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Because "Egg, Sausage, and Bacon" is actually just the name of the dish, not a listing of its ingredients (which are primarily Spam, with a Spam garnish). This is similar to how a Club Sandwich is not actually comprised of a wooden cudgel between two slices of bread.

So, when she asked for "Egg, bacon, Spam, and sausage" without the Spam, she was listing the ingredients of a different dish, and requesting that the signature ingredient be removed.

This is akin to ordering a Lobster Thermidor aux crevettes with a Mornay sauce, garnished with truffle pâté, brandy and a fried egg on top and Spam...but requesting that the chef hold the Spam. It's just not done, you see.

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    Okay that's a funny take I hadn't considered. I like it! – corsiKa Sep 24 '15 at 14:29
  • That's pretty much what I meant with my 2nd comment to the question, BTW. [Yes, I was being 'serious'. ;)] – Walt Sep 24 '15 at 15:10
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Because Rule of Funny. Anything else would ruin the joke.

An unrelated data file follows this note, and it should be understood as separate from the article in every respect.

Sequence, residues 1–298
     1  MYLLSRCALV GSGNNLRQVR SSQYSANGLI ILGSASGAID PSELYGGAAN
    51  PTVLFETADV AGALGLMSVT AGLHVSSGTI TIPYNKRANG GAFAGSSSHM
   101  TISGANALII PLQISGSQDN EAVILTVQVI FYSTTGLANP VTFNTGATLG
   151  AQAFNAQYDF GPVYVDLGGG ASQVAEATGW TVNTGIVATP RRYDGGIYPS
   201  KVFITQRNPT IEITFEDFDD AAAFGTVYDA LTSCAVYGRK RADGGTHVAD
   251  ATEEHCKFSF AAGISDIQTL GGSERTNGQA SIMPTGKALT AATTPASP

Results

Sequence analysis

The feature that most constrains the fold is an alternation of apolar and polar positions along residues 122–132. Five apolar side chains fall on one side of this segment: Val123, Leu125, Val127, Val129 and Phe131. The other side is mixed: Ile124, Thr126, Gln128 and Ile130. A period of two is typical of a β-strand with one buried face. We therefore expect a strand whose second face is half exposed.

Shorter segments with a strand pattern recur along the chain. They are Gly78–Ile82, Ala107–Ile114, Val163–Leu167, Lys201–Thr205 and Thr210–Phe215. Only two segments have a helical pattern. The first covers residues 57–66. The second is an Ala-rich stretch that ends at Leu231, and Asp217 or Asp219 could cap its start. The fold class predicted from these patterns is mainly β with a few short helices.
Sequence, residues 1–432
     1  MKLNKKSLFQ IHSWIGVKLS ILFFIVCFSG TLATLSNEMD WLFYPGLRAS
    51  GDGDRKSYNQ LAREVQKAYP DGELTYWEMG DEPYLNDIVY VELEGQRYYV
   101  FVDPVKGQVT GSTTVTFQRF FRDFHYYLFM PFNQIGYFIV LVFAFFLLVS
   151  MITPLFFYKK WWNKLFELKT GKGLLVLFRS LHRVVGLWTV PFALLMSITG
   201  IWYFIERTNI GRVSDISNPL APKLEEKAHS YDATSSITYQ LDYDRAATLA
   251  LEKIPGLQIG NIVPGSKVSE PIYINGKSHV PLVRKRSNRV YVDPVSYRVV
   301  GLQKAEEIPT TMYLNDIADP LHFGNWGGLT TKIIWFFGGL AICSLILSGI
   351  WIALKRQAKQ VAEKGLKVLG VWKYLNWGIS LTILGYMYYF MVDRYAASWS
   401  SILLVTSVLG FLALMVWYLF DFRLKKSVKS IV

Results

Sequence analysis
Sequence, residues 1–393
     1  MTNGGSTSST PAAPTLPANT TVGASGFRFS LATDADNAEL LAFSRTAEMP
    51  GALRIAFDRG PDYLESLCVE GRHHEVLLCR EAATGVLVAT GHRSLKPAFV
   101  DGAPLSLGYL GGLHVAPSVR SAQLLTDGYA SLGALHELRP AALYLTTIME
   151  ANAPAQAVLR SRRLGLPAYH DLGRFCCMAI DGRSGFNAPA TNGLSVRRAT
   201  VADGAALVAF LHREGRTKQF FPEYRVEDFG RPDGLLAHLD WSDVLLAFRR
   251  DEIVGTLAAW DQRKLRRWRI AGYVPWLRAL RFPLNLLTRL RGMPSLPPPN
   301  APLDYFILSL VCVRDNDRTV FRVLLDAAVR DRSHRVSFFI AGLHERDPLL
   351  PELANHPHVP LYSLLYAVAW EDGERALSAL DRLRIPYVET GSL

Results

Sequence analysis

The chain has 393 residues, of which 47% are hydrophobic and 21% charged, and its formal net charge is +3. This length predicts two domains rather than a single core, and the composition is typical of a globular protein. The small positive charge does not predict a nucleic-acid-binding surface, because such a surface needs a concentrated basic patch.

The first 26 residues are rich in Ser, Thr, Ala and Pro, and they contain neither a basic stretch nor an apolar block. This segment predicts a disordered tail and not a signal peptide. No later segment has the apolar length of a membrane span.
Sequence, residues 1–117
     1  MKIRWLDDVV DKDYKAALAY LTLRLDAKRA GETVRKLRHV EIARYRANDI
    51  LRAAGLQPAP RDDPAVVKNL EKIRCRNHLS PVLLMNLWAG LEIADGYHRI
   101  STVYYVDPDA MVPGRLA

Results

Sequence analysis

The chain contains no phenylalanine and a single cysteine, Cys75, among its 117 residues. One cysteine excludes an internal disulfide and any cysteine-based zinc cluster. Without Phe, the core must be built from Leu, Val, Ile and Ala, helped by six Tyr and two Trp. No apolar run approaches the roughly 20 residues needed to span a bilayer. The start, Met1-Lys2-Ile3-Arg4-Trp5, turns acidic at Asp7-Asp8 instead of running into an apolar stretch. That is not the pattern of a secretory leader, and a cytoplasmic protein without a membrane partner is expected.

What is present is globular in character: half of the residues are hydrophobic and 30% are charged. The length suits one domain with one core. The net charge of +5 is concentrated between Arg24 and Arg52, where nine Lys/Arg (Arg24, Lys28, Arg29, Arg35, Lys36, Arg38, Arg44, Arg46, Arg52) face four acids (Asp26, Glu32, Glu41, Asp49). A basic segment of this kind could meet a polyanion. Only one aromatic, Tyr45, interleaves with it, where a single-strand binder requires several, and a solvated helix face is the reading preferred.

0

One can not simply ask why a character in a World-renown skit didn't alter their choice. If the character had altered their choice, it wouldn't have led to the desired conclusion. Every bit of this skit (and all non-Improv skits) includes a desired reaction from characters, as well as a desired oral response. It's all carefully scripted.

It's akin to the "Come in!" block of a Knock, Knock joke. You won't get the designed laugh if you don't follow protocol.

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    This isn't an answer. The Pythons are truly masters of their craft, which is all the more reason why they should be studied. – corsiKa Sep 22 '15 at 18:49
  • Sure, but you know what they say about analyzing jokes. – Walt Sep 22 '15 at 19:09
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    Why did the job applicant say "Good Morning" when he knew it was after noon in the "Job Interview" skit? Because that's the line! I stand by my answer; these guys are professionals and the entire skit is well thought-out. You even say that yourself above. You can't change a line and achieve the same impact. Like it or not, accept it or not, this is how comedy is structured. – Johnny Bones Sep 22 '15 at 19:35
  • I'm calling bullshit. You can't say "It's well thought out" and then say "Don't ask what that line of thought was". – corsiKa Sep 22 '15 at 22:03
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    If she had asked for an egg, sausage and bacon, would the rest of the skit have continued as it did? Would she have gotten a strange look? Would it have been funny at all to order it that way? – Johnny Bones Sep 22 '15 at 22:06